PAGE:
Andrea Leonard by Andrea Leonard

Working with breast cancer survivors can be one of the most rewarding aspects of your career as a health and fitness professional, both personally and professionally. To provide your clients with safe and effective cancer-recovery programs, however, it is critical that you seek out proper training regarding both the acute and chronic side effects of cancer surgery and treatment.

Though most commonly associated with women, breast cancer actually affects both men and women, and they experience similar side effects following a mastectomy and/or treatment. Surgery and radiation is often followed by a build-up of scar tissue and adhesions that cause the shoulders to become protracted, a condition known as upper-crossed syndrome. The pectoralis muscles may react by going into painful spasm, which can lead to chronic pain due to the ischemia (lack of blood flow).

A comprehensive postural assessment and shoulder range of motion measurements, taken with a goniometer, must be completed before you start designing your client’s program. Without conducting these tests, you may select the wrong combinations of exercises, which could end up being ineffective at best, and harmful at worst.

Your client may have limited shoulder range of motion on the affected side following surgery, node dissection and/or radiation. Prior to adding any form of resistance in that plane of motion, provide your client with stretches and range-of-motion exercises to do on a daily basis until range of motion is 90% or better for the norms in that plane (more information on this is included in the Cancer Exercise Specialist Advanced Qualification course). If your client jumps right into strength training, he or she will become stronger in that limited plane of motion and less likely to ever achieve full range of motion. Simple, home-based exercises such as the forward- and side-wall walk can be beneficial for increasing both abduction and flexion.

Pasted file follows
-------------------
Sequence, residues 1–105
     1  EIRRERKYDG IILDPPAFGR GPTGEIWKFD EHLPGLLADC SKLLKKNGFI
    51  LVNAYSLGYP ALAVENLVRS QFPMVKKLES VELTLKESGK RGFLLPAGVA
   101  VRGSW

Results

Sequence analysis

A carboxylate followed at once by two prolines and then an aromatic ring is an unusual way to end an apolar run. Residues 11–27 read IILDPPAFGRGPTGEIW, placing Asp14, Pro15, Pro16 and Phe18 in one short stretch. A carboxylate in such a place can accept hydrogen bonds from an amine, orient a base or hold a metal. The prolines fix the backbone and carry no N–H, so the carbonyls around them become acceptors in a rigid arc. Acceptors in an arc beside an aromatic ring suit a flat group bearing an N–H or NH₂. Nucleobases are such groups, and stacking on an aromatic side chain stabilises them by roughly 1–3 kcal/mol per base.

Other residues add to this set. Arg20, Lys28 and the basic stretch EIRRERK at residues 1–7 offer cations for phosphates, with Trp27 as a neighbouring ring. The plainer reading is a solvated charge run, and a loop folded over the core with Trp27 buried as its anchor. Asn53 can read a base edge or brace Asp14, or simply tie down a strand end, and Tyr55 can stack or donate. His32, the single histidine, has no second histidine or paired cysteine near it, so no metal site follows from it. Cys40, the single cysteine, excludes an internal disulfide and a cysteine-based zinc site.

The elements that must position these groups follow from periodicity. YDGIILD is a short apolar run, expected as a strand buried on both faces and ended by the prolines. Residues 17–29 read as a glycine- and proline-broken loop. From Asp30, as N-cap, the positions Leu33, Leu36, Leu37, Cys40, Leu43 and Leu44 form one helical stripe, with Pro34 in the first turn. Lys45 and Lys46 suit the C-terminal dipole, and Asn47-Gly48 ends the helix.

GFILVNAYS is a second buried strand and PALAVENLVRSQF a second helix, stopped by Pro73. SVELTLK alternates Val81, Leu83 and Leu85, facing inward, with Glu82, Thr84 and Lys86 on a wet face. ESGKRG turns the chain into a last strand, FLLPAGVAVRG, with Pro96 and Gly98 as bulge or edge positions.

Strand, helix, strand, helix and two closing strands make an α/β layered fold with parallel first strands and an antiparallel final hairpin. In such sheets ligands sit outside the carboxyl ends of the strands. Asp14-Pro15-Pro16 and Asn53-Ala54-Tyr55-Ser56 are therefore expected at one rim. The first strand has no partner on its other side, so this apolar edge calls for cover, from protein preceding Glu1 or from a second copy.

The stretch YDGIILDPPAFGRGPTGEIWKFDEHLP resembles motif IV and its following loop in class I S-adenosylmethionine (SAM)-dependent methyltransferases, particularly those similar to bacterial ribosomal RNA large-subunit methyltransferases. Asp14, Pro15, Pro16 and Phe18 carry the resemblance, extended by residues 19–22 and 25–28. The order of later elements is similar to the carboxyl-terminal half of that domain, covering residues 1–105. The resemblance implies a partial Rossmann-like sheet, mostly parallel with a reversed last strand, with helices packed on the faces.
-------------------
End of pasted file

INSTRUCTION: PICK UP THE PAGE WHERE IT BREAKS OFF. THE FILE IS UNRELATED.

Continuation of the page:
Once your client has achieved close to full range of motion, he or she may progress to performing strength-training exercises. Focus on exercises that will stretch the chest (chest fly) and exercises that will strengthen the opposing back muscles (row, reverse fly, lat pull-down). Exercises such as push-ups or chest presses only serve to “reinforce” the muscle imbalance.

In addition to correcting muscle imbalances and range-of-motion limitations, strength training can help clients increase bone density and lean muscle mass. Many women will either be of menopausal age or thrown into menopause due to their cancer treatment. The resulting lack of estrogen increases the risk of osteoporosis. Men on hormonal ablation therapy may also experience “menopausal-type” side effects, including weight gain and osteoporosis.

A painful and disfiguring complication of lymph-node removal and radiation is lymphedema, which is the swelling of an extremity following the removal of, or radiation to, the lymph nodes on that side. Reports indicate that 3-70% of breast cancer patients will get lymphedema at some point after their surgery/treatment. If untreated, lymphedema is progressive and can lead to an infection of the lymphatic system.